Julie-anne Sprague takes a look at the fine-dining experience and wonders whether we really appreciate the best of the best.

MOST people in the restaurant industry will tell you there are four or five classy restaurants in Perth. And when they say classy, they mean exceptional food and service in a nicely furnished restaurant.

Owners of these up-market establishments say that, if they were located in Melbourne or Sydney, they’d be full every night. But Perth is not Melbourne or Sydney and, while the restaurateurs of four of Perth’s most respected restaurants profess their love for this town, they admit the outdoors lifestyle we all enjoy stifles their business.

David Coomber of Star Anise says the increasing costs of running a restaurant, combined with Perth’s dollar-conscious market, makes it tough to run his restaurant.

“The GST has been tough. We should be charging a lot more, but then we would have to charge more than $30 for a main, and people just won’t accept that,” he says.

“There is a lack of understanding about the cost of food, and it’s the same with wine. People can look at my wine list and say ‘hey I can buy that for $10 not $20’. But they’re sitting in someone’s room, at someone’s table, drinking from someone’s glasses.”

Altos’ owner Steve Scaffidi agrees that Perth consumers are reluctant to pay more than $30 for a meal.

“It’s hard for places like Altos, Star Anise and Jackons. For the quality of service and food it should be worth much much more,” Mr Scaffidi says.

“Because of Perth’s lifestyle we can’t sustain the constant volume like Melbourne and Sydney. If we could then we’d be able to do stuff made to order comfortably.

“They (Perth people) do a lot of entertaining at home, but in places like Melbourne and Sydney they don’t like to stay at home. The reason we have survived and sustained the volume during the week is that we get a lot of eastern states business travellers come in here. Our reputation in Sydney and Melbourne is phenomenal.”

Mr Scaffidi says he is starting to see an increase in the number of international business visitors.

“We had three sets of people come in from New York because of a write up in the New York Times. A guy from Perth was with one of them and he’d never been here before,” he says.

Bruce Chapman says Perth can’t sustain more than four restaurants like his Star Bistro.

“I love Perth as a city but from a professional point of view its quite hard because there is such a smaller market,” he says.

“To dine out, people feel it has to be for a special occasion.”

Mr Chapman says Perth’s price-sensitive market misses out on the quality of establishments such as his.

“You can come here and have a pasta dish for $17 or $18 … it’s freshly made pasta and sauce. Or you can go and get a pasta for $11 or $12 that’s come straight out of a packet and sauce straight out of a tin. The guy selling that pasta is making much more money,” he says.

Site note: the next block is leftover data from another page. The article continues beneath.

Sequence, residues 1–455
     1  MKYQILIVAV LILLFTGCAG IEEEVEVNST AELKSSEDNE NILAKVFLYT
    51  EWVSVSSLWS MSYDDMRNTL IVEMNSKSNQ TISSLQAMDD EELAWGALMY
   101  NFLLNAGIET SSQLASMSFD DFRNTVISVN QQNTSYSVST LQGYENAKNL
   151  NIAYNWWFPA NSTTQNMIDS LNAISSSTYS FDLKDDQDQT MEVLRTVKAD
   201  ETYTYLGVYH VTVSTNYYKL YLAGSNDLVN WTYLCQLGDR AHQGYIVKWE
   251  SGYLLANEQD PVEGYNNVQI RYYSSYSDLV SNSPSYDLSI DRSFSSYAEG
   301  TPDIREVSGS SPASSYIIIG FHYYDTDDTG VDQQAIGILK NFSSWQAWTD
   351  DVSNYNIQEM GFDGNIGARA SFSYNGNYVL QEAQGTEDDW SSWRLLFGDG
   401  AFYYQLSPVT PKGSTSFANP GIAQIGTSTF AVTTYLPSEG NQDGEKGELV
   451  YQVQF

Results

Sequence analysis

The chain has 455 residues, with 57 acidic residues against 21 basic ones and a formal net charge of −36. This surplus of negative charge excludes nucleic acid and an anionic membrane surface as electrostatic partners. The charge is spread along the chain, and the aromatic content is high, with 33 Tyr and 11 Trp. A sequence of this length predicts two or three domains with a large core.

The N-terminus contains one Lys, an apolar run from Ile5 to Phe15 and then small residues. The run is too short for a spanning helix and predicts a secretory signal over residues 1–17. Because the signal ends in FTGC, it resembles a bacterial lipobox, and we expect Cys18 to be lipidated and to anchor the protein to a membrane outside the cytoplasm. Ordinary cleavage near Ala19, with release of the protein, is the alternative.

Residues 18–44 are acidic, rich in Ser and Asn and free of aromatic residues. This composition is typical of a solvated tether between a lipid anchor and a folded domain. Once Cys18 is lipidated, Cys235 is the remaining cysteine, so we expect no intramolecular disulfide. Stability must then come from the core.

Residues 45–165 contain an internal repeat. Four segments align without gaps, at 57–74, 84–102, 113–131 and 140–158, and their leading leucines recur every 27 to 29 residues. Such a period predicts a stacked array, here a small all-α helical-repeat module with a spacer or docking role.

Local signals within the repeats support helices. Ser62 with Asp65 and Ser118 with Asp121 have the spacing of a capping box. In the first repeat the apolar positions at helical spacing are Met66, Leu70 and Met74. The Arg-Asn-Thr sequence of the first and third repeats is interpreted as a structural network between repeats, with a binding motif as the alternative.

So why do these restaurateurs work, on average, 80 hours a week without high returns? The answer’s simple … passion.

“I do it because I love it. I love cooking good food. No-one’s expecting to make a million dollars, you’re just trying to make a comfortable living,” Mr Chapman says.

Mr Scaffidi says while love of the job is his main motivation, he cautions that, just because his place may be busy one night, it doesn’t mean he’s sitting on a gold mine.

“There’s a misconception in the marketplace that you are making money. A full restaurant doesn’t mean you are making money, it’s an urban myth,” he says.

“Not many great food restaurants make squillions. They make a reasonable return and provide a reasonable lifestyle.”

Neal Jackson of Jackson’s says there should be more places like his restaurant in Perth to help educate consumers about what quality food and service are.

“At the moment people are not prepared to pay for quality,” he says.

“I don’t think there are enough restaurants at this level. There needs to be a culling out of the middle market and people will get to try dining at places like mine. Places like Altos offer better value for money with respect to quality.”

Add your comment

BNIQ sponsored byECU School of Business and Law


6th-Australian Institute of Management WA20,000
7th-Murdoch University16,584
8th-South Regional TAFE10,549
9th-Central Regional TAFE10,000
10th-The University of Notre Dame Australia6,708
48 tertiary education & training providers ranked by total number of students in WA

Number of Employees

BNiQ Disclaimer